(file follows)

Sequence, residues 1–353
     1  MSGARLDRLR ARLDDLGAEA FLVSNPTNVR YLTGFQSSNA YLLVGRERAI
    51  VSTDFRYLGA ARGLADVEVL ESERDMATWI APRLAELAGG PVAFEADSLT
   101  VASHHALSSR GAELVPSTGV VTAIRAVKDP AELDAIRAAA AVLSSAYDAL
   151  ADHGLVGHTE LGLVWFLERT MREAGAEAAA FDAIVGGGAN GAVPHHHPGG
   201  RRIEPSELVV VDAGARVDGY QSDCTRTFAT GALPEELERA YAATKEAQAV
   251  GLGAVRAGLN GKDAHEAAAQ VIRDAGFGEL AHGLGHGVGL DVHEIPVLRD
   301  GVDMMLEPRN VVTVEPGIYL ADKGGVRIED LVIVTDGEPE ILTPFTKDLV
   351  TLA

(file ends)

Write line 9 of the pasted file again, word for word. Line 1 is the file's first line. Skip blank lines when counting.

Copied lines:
   351  TLA